One morning in 1983, while being expansive on Bill Cameron's radio show, he let slip that he might levy a commuter tax if he won the mayoralty. That afternoon a TV reporter showed him a story written after the show. He exploded on live TV that I duped and misquoted him. Another time, he was asked about a column speculating how he could have eased out Park District boss Ed Kelly earlier than he did. He remarked about me on the radio, "He smokes hemp."
I plead guilty to at least one count of misjudgment. My error was in joining the chorus that insisted he blew a chance in 1983 just after being elected mayor. I had criticized him for failing to strike deals with a few aldermen fighting him during what comedian Aaron Freeman called Council Wars.
The mayor could have weakened Eddie Vrdolyak, his most shrewd opponent, by whittling away at Mr. Vrdolyak's bloc of aldermen, I had speculated in a column. The mayor was right to ignore me that time. Refusing to compromise with Mr. Vrdolyak and his 28 troublemakers was one show of stubbornness that paid off. Mr. Washington held out until he won a majority on his own terms in special elections ordered by the courts. He mastered politics as only Mr. Daley had over several terms.
Though Richard Daley and Martin Kennelly were the mayors of my youth, Mr. Washington was the mayor crowning my career in Chicago. Between legislative sessions and campaigns, I tracked the civil rights movement with Dr. Martin Luther King Jr. I covered the Rev. Jesse Jackson fresh from divinity school and during his days at Operation Breadbasket, which became Operation PUSH.
In those months of protest, Mr. Washington was criticized by the frontline of the civil rights crusade. During radical chic salons
hosted by a young advertising couple in their mid-rise overlooking Lincoln Park, Rep. Washington took a lot of flak. Street fighters accused him of being co-opted by Democratic regulars. He insisted he had to try government first.
His slow way won out. The meld of civil rights and politics culminated in Mr. Washington's election in 1983. I had the privilege of following the transformation from protest to political power. My time as this newspaper's political editor and chief political columnist fell between the deaths of Mr. Daley and Mr. Washington. I became political editor just after the death of the Boss. I am leaving my city as Mr. Washington is being mourned. In that span I covered four mayors - Mr. Daley, Michael Bilandic, Jane Byrne and Mr. Washington. It was a chapter in Chicago politics - from Bridgeport to Hyde Park - that I relished.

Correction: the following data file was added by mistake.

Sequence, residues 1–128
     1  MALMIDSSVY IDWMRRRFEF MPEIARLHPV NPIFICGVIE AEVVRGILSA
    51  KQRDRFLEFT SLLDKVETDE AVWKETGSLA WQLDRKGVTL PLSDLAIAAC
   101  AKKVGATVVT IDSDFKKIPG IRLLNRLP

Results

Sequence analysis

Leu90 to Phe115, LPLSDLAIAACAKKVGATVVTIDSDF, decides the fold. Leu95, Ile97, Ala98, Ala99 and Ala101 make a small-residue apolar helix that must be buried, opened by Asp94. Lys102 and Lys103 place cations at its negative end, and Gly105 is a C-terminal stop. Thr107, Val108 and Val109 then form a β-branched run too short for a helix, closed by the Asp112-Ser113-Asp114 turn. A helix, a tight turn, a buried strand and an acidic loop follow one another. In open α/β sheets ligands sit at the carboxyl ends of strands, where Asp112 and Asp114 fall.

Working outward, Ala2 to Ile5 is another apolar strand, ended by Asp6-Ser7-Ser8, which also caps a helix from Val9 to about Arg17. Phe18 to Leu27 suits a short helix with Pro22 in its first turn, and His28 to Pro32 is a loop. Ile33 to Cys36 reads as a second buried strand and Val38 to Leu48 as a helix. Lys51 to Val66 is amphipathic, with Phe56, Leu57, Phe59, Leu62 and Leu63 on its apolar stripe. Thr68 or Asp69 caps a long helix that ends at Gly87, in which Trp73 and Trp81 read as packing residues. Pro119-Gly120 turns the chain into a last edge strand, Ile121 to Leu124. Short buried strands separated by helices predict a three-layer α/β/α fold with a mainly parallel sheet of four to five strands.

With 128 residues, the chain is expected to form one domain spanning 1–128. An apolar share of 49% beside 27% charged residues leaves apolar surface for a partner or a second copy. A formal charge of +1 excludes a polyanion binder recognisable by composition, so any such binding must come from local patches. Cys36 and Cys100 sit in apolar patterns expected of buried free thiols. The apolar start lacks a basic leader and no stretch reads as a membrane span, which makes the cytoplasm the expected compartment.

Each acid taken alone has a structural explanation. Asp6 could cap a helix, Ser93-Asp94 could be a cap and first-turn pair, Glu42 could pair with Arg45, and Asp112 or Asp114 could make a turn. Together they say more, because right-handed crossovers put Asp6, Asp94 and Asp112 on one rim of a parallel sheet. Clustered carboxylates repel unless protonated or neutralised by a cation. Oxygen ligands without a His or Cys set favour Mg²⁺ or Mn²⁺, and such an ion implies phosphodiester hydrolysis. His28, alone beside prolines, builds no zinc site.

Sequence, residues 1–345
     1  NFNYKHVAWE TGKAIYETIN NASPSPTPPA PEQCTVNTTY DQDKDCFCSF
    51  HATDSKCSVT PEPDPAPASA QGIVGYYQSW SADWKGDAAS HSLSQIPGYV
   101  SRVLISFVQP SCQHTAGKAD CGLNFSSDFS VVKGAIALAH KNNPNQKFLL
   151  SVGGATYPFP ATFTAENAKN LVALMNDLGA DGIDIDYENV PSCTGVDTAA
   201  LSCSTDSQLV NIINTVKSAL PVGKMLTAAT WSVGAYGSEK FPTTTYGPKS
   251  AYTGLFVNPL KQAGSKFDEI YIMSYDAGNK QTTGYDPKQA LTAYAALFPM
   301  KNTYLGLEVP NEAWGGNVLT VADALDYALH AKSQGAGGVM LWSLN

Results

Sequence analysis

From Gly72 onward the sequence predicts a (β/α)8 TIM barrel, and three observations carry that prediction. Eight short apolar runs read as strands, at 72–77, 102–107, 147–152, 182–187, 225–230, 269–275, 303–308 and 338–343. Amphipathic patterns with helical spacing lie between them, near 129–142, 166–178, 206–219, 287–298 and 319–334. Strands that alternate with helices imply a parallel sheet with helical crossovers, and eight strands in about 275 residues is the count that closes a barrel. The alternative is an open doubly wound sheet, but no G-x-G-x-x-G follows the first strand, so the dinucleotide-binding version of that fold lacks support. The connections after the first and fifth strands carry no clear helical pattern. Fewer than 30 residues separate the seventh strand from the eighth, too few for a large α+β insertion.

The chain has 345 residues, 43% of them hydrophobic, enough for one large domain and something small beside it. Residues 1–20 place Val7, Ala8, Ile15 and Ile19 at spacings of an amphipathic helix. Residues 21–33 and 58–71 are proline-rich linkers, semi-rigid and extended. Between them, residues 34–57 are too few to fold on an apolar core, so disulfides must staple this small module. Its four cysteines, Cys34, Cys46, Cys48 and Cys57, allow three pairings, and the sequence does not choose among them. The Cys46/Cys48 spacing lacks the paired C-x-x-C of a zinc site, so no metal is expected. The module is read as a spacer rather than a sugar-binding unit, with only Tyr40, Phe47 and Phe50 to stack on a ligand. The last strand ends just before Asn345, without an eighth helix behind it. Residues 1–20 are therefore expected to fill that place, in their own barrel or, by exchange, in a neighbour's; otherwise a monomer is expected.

Politics here is shaped in the neighborhoods, but Mr. Washington's Chicago was not like my Chicago. The polyglot student body in old Waller High School, where I took four years of Latin, had only a few blacks. When I got to the University of Chicago, one neighbor in Hyde Park, the late Paul Butterfield, took me to hear Muddy Waters and Howlin Wolf in the South Side blues joints.
But it wasn't until I started seeing how blacks began gaining leverage through elections that I felt the pulse of politics. Midnight
meetings of crazed politiholics, conspiratorial phone calls, misfired accusations, dirty deals, phony stunts, noble sacrifices, money shakedowns, leaked polls and bitter scraps all make up the stuff of Chicago politics. Somehow voters were moved, often yielding a surprise that embarrassed the best of the city's prognosticators.
A chapter in Chicago has closed with Mr. Washington's death. His legacy is the politicization of blacks. He built a charismatic organization on his forceful personality. Now that person is gone. I am leaving Chicago, its neighborhoods and its factions, for awhile.
"One thing I learned about D.C. is that you appreciate Chicago more when you serve there," Mr. Washington, who once served in Congress, said at my party. "You begin to see just how good Chicago is, what it has to offer. To appreciate the city you have to go to a place like Washington, D.C., which in a sense is rather sophisticated."
Farewell, Mr. Mayor. Au revoir, Chicago.